The Negroes came to America as slaves , brought by the European colonizers. They were treated like trash, like animals for centuries until the time came when they, and the concerned white men thought the maltreatment was too much, and that the Negroes have rights to equal treatment. Until now, they are yet to experience that utmost equality, pure access to the status of being accepted in society. Tom and Huck befriend Jim's character in the novel, for they see what was beyond his dark skin, slave language, and ugly appearance.
Mark Twain's allegedly inhuman description of Jim's character emanates from traditions of his era: "Writing at a time when the black-faced minstrel was still popular, and shortly after a war which left even the abolitionists weary of those problems associated with the Negro." Twain fitted Jim into the outlines of the minstrel tradition. Mark Twain described Jim as "illiterate, childlike, not bright, and very superstitious and religious."
White folks dehumanized the Negroes from the very first time they stepped on American soil. In the novel, Jim was always overlooked and he feels always stomped upon by his slavemaster and the people around him. In the persons of Huck and Tom, he found friends. Friends who will not judge him by the color of his skin.
Huck Finn's readers are definitely and dramatically given another glimpse of the slave Jim's "human" self when Jim shows that he is feeling lonely for his unfortunate family. In one instance, Huck catches Jim "sitting there with his head down between his knees, moaning and mourning to himself." Huck admits: "I do believe he cared just as much for his people as white folks do for their'n. It don't seem natural, but I reckon it so."
Jim's human side and sensitive self are never more apparent in the story than in the part where he sacrifices his freedom for Tom Sawyer's life. The two pals help him escape from Phelps Farm, and while in midst of doing that, Tom is wounded. "It soon is very clear to Jim and Huck that his injuries are serious." Jim opts to stay with the wounded Tom while Huck summons a nearby doctor, even at the back of his mind he knows that he will most likely be captured and returned to "nigger slavery." Strongly adhering to the belief that Tom would do the same for him given their situations were reversed. Jim proceeds, "Nigger Jim is also human."
Analysis of the Comparison
Mark Twain is no racist, his book is a wonderful work of literature. It may be frank, and initially racially offensive, but if we take a look closer at what he had done to the character of Jim, he exposed the very wrong perception that black people are dumb, stupid, and deserving to be slaves. He just exposed one of the harshest realities of American history, and that is racism . In America, that is the wrong way of thinking that superiority and inferiority are based on the color of one's skin. What Mr. Twain has written was about anti-slavery. Hats off to Mark Twain.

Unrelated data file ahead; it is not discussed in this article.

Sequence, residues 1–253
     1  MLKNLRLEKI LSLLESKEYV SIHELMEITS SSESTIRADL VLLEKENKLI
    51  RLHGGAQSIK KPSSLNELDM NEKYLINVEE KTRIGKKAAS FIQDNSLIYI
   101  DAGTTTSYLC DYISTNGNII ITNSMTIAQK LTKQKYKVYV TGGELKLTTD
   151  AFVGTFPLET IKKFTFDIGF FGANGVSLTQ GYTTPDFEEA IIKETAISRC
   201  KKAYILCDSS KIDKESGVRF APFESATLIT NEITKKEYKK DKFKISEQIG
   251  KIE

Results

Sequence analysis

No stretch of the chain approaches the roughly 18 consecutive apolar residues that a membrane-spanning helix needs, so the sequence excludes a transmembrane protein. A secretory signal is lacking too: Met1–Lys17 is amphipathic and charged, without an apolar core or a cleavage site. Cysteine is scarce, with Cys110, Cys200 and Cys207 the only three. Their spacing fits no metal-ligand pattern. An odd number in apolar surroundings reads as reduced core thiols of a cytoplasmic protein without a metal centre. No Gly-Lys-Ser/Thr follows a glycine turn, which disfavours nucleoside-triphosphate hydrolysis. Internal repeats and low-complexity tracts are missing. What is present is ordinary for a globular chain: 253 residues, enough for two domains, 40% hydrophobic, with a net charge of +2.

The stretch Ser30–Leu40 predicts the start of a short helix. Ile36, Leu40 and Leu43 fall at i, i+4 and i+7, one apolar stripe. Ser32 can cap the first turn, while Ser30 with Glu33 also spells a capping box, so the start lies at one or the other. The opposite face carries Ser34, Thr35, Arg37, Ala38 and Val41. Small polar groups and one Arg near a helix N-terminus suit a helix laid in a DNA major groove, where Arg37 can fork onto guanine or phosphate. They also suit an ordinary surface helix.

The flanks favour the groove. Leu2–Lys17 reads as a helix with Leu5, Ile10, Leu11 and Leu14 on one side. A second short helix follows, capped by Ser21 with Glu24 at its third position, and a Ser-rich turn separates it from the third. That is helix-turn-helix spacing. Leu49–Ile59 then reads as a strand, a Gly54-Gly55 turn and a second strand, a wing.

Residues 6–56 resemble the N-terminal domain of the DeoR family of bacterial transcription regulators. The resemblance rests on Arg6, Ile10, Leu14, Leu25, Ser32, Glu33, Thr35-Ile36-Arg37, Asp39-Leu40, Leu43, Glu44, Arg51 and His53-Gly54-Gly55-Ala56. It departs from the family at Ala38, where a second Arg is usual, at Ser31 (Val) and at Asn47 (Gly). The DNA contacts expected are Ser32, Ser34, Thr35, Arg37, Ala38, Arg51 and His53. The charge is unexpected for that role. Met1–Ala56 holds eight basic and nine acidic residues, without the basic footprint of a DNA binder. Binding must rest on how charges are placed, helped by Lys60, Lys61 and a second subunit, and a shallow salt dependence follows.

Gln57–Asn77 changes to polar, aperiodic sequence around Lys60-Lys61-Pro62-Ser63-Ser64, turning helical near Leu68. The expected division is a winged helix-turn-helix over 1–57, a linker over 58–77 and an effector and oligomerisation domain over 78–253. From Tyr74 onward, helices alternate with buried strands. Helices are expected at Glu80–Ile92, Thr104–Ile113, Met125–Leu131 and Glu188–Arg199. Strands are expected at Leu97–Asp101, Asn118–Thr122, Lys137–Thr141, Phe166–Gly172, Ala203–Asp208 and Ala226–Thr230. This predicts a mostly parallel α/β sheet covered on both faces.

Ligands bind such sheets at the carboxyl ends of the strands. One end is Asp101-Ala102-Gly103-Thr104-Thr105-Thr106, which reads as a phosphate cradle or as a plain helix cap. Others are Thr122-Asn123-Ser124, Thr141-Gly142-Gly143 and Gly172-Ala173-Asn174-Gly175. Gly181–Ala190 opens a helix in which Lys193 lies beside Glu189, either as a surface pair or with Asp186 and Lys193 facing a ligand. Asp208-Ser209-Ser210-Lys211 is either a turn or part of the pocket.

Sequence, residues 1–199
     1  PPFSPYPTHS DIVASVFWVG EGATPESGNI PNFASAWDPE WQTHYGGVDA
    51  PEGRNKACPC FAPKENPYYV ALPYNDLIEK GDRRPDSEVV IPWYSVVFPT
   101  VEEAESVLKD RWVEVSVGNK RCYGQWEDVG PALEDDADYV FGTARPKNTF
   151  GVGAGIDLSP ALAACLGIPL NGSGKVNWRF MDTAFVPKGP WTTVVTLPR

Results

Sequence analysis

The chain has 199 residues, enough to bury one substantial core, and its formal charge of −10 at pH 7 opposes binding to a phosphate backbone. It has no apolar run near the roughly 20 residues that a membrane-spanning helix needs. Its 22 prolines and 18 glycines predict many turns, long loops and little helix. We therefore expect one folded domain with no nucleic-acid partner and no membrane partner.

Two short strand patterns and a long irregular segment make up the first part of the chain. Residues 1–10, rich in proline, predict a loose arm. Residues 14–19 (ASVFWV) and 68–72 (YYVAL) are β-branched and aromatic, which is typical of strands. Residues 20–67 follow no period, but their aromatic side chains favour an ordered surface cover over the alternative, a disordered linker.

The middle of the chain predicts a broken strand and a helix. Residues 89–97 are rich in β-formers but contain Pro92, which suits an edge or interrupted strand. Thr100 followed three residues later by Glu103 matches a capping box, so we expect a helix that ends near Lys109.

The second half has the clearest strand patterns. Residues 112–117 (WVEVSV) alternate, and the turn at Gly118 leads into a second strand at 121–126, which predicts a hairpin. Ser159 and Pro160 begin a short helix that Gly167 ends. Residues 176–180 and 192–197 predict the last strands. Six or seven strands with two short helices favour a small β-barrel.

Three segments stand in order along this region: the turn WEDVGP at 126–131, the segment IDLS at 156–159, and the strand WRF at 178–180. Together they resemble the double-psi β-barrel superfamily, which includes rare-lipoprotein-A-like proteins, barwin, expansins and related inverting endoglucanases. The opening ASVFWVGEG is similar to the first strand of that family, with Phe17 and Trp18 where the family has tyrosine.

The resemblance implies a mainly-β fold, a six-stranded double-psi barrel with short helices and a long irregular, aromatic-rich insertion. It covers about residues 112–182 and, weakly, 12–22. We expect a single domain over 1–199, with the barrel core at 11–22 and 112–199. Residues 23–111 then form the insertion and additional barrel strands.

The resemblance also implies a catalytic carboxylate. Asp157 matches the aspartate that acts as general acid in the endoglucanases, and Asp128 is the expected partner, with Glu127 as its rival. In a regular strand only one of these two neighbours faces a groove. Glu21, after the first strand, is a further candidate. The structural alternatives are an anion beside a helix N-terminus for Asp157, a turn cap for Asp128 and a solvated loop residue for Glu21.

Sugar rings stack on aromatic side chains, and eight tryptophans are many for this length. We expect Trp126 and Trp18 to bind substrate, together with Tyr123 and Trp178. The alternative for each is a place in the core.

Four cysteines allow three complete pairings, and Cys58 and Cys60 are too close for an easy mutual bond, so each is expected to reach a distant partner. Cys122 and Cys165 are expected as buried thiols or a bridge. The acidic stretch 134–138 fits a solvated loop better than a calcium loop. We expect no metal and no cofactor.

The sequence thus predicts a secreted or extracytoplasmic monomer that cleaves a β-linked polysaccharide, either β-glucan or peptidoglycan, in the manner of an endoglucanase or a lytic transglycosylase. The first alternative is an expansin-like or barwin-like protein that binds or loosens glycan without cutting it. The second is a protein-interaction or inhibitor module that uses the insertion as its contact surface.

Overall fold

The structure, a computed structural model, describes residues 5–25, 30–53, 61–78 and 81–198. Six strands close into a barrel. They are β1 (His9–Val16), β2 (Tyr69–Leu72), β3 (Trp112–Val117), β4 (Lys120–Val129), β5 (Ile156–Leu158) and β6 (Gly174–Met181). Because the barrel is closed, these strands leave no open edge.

Philip Roth is a Jew. He was lucky to have been born in the United States. Were he born in Europe, he could have been one of the six million Jews that were exterminated during the holocaust. But no, he was lucky enough to have been an American. To get directly to the point, Philip Roth is an opponent of racism. In his novel, he exposed the prospective events that could have happened had the political atmosphere of America changed. Had the President been replaced by a hero he despised, a hero he perceived as a pretender. And at that, experienced all these rapturous moments as a seven-year-old youngster. Philip Roth further exposed the evils of racism, the loss of innocence, and the deception brought about by power. Hats off to Mr. Roth
These two great creative thinkers, Twain and Roth, tackled the issue of one of the evilest forms of sin towards another man, racism. Twain took on the issue on a smaller-scale basis, in a small town where the hatred towards the Negroes was not to the extent that the haters are going to try and eradicate them like a bunch of animals. He advocated anti-racism. Both men did. They described in their works a world that is very far from being perfect, a world where hatred is rampant, and the evils of it are not foreseen. Through their masterpieces, they have moved a world that is turning a blind eye to all the forms of hate eating it.
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Roth, Philip. The Plot Against America. Houghton Mifflin Harcourt, 2004.
Twain, Mark. The Adventures of Huckleberry Finn. United Kingdom, Chatto & Windus, 1884.